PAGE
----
And we can’t get enough of her pictures of Prince George and Princess Charlotte...
The Duchess of Cambridge made history this week by receiving a lifetime honorary membership of the Royal Photographic Society.
The 34 year-old has been praised for her photographic prowess, releasing a series of snaps over the years, including stunning shots from her tour of South East Asia and the South Pacific, from landscapes of Malaysian rainforests to Borneo’s Mount Kinabalu.
Kate Middleton’s most iconic shots, however, are of course of her two children, Prince George and Princess Charlotte, third and fourth in line to the throne.
Kate’s most notable pictures have marked the milestones in her children’s lives, from Princess Charlotte’s first birthday to Prince George’s first day at nursery, and in 2015 she became the first member of the royal family to take the official photographs of a royal baby, choosing to forgo professional portraits to photograph her daughter herself.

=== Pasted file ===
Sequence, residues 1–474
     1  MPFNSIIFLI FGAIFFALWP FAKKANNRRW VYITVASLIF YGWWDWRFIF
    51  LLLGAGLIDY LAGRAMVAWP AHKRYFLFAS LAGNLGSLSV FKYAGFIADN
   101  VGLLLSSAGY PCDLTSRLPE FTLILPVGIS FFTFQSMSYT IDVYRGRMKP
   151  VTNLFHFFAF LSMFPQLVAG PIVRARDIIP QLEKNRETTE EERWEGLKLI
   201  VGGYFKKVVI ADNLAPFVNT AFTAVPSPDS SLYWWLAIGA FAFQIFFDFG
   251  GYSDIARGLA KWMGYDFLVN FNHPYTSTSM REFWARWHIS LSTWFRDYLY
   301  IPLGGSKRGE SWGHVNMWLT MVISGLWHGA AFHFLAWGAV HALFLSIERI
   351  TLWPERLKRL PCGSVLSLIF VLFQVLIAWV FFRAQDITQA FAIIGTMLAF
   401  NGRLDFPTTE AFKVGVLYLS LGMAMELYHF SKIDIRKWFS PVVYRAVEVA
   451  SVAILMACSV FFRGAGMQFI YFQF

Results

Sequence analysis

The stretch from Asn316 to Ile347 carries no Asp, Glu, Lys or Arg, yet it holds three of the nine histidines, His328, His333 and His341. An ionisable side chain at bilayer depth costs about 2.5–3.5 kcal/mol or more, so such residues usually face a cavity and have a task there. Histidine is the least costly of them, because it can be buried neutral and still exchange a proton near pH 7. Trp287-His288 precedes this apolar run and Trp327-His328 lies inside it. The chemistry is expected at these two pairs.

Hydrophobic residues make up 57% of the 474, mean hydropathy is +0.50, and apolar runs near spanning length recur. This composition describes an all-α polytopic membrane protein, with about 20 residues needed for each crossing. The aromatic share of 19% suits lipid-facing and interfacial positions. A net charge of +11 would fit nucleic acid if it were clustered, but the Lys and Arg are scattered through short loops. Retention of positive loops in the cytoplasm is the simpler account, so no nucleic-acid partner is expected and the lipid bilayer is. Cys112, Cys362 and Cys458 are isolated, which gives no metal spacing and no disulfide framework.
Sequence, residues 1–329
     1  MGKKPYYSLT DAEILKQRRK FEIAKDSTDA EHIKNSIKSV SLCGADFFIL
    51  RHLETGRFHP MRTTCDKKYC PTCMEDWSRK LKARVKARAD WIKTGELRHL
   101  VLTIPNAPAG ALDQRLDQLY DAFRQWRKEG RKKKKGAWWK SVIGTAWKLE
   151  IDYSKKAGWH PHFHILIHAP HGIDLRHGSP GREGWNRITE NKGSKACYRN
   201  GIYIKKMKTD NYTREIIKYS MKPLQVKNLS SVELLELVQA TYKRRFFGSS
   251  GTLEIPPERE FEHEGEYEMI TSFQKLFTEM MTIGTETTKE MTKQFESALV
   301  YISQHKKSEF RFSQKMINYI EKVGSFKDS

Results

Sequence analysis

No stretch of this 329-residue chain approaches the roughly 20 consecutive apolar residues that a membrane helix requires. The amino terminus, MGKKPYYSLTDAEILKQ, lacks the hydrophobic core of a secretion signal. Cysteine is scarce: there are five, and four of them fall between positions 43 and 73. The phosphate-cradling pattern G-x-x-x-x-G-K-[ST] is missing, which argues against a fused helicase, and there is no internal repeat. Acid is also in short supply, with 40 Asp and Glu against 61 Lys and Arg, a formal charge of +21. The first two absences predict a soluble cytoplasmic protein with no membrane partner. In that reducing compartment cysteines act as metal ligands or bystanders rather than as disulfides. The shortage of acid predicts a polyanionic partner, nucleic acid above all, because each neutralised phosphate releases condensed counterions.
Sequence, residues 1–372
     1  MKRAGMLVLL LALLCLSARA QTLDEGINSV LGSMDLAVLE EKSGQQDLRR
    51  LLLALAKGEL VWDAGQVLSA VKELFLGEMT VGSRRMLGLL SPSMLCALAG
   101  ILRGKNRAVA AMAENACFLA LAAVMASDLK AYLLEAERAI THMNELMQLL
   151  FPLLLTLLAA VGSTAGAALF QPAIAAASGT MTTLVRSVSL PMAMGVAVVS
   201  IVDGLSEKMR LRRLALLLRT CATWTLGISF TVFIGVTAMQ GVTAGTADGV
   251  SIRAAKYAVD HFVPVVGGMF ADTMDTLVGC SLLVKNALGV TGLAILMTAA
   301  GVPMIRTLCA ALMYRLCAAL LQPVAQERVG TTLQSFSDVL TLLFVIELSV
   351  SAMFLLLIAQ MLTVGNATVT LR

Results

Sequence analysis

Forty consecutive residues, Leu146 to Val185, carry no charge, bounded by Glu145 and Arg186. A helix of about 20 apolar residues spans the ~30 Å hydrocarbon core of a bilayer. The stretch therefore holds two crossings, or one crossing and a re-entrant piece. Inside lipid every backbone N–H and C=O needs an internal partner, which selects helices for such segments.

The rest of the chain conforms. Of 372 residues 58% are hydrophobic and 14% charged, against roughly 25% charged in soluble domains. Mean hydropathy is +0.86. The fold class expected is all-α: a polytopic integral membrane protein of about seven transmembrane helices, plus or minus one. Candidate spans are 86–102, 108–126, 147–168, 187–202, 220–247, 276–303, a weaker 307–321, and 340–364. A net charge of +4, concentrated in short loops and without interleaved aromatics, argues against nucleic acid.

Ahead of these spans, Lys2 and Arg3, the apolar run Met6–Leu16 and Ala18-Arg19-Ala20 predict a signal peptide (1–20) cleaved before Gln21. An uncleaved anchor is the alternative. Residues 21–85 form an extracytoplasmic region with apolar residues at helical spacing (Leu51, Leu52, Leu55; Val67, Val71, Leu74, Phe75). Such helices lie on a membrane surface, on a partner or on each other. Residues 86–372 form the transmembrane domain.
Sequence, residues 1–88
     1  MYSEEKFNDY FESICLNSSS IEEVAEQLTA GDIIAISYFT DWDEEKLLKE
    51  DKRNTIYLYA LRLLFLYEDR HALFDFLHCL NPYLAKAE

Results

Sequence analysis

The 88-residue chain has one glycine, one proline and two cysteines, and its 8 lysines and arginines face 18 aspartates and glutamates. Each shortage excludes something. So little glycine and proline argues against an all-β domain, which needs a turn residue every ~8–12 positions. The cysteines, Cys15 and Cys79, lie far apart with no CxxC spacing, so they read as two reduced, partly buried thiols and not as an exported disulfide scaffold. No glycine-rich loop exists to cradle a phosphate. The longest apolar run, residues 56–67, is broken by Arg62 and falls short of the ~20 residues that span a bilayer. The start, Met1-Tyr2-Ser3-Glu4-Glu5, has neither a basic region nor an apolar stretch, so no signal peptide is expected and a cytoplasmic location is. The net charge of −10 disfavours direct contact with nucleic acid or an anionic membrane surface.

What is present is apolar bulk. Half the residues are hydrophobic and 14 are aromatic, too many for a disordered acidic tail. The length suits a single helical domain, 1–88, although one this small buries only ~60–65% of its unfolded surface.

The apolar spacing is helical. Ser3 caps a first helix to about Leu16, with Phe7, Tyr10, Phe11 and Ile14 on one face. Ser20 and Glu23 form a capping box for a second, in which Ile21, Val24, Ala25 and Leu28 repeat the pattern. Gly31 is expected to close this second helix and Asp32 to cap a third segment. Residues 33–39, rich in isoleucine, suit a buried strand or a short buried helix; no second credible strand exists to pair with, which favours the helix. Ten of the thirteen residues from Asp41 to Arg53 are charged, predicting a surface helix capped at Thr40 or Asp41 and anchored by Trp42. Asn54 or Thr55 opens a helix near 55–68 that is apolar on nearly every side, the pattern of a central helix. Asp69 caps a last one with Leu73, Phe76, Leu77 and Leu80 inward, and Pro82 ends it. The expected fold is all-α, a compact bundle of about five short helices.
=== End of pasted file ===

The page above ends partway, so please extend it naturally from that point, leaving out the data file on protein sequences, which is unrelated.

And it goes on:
And, that wasn’t the first time the Duchess bucked royal tradition in terms of photography, with Kate and Wills choosing to release a personal snap of their family with their black cocker spaniel, Lupo, as Prince George’s first official photograph. The photo was taken by Kate’s father, Michael Middleton, in the garden of their family home in Berkshire. That was definitely one for the royal family photo album.
Kate’s photography has undoubtedly helped to change the public perception of the royal family with her insight allowing her to capture relaxed and candid snaps of royal life, moving away from the formal staged shots that we were previously accustomed to, and showing us a relatable side to the royals that we rarely get to see.
‘The Duchess of Cambridge has had a long-standing interest in photography and its history’, explained Dr Michael Pritchard, chief executive of the Royal Photographic Society. He continued: ‘She is the latest in a long line of royal photographers and the society is pleased to recognise her talent and enthusiasm through honorary membership.’